Last week I was in Devon, visiting old and dear friends – people and places.
I lived and worked in Mid -Devon for over thirty years. My first husband was a keen sportsman, so I knew the sporting venues. In later years and after a second marriage to a secondary school teacher, I got to know the local schools well as my children grew up. We were involved with the local churches, brownies, cubs, schools, the local community. So there are many, many places and people I know there.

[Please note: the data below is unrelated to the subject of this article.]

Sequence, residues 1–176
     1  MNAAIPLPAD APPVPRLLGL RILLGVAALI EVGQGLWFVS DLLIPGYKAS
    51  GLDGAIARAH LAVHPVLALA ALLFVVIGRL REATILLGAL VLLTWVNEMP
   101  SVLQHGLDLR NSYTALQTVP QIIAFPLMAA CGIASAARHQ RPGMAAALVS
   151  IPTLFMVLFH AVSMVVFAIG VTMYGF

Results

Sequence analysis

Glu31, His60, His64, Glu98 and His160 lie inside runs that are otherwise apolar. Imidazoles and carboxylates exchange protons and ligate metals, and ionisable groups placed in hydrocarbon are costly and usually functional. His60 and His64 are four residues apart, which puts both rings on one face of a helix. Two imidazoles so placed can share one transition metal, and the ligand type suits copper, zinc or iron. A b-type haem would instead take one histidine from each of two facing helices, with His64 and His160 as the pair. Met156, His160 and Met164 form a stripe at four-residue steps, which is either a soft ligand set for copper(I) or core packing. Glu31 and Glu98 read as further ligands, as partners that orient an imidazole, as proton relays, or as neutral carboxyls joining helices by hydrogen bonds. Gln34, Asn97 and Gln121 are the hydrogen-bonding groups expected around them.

I usually pay an autumn visit to Devon. It suits me because our own garden isn’t so demanding at this time of year. And I must also confess to a longing for trees! If you live by the sea, as we do, you may understand this yearning. However, beautiful and refreshing the sea is, we need green.So Shobrooke Park was probably top of my list of places to visit. Few things give me as much contentment as a walk down its lime walk …So many memories come flooding back. My children when small making dens …It’s a wonderful historic park with several lakes … One winter, it was so cold and snowy that we did the unforgiveable and let our small children play on the ice …And here is one of most beautiful settings for a cricket pitch, surely, in all Devon ….My first husband was an enthusiastic cricketer, so I was regularly involved in the making of cricket teas – quiches, cakes, sandwiches, pies – the cricketers were wonderfully fed! I don’t think today’s partners slave as biddably as we did in the cricket pavilion then.It’s all very superior nowadays – they even have proper nets!But somethings don’t change – isn’t this the grass roller I perched on in my 20s?Walking round Crediton, I passed our old home – why they’ve repainted the front door pale blue!Past the school where Stephen used to teach …Trees round the old buildings (which we could glimpse from our house) looking fine in the autumn light …On the nearby green is the Millennium Cross …Which I lovingly garlanded with a primrose wreath one Easter …Next a small detour to see the Chapel we used to look after …The sign we wrote is still there …There’s some new-fangled QR reader sign now there as well!We looked after the Chapel and its garden for twenty years, and over that time the garden really blossomed. Here is the younger me, one springtime, weeding there.It was a fabulous place to garden – a small enclosed space …And the plants set against the warm Devon red stone of the mediaeval chapel wall …Why, in my mind’s eye, I can take myself back to this very same spot twenty-five years ago when Stephen and I were married here, bringing our two families of six children together …On then to visit one of my oldest friends (literally). For a while Eileen was my neighbour, and, perhaps most preciously of all, she taught me to spin. What a debt I owe her! My spinning was never anything like as good as hers, but after all she was President of the Devon Guild of Weavers, Spinners and Dyers. And here she is, well into her nineties, inspecting my latest knit of my own homespun wool.Then lunch with some more of my dear Devon friends, the Shobrooke Ladies – we all lived in that village when our children were small. We have shared each other’s lives as our children have grown, settled, married, moved, our parents have passed on, grandchildren have appeared, and we have all finished our working lives, and moved on to retirement. How special to catch up – it was just as though we still met up once a month to share the latest news in our lives!Then time to visit Topsham where I stayed with another dear friend, one of my old library colleagues. Such a magical view out over the Exe Estuary from her home!And a beautiful walk round the estuary the next day. Topsham fascinates me with its similarities to Berwick-upon-Tweed where I now live. Both are estuary towns, – and both have a fine collection of swans …Like Berwick, the buildings in Topsham reflect the pursuits of local business. In Berwick there are red pantile roofs that merchants brought back as ballast from their business trips to Europe. In Topsham, you can see the Dutch gables the merchants learned to build after their continental travels. What struck me particularly is the wealth here in affluent Devon compared to the poverty of north Northumberland – these buildings are so well kept. We had a magical walk, along the estuary, turning off to see the fine display of cyclamen near the Goat Walk.Are they not a delight?! Our walk took us further along the beautiful Exe estuary …Back down woody lanes – I was drinking in the greenery all the way. What really struck me was that this was almost the first sighting of trees colouring that I saw. What very late autumns we are getting …And past the Shrubbery house where Stephen’s Aunt Barbara used to live.And back to Shobrooke village for my last night in Devon, and a glimpse of the beautiful red Devon hills from the cottage.A hug and a giggle with an old friend – indeed, we were flatmates together in London in the 1970s so we go way, way back – before I caught the train back to Northumberland …So why – I hear you asking – don’t you still live in this lovely county with these dear folk?! Ah well, I have been seduced by a small Northumbrian cottage with the sunrise in its windows …and our view of dawn over the North Sea!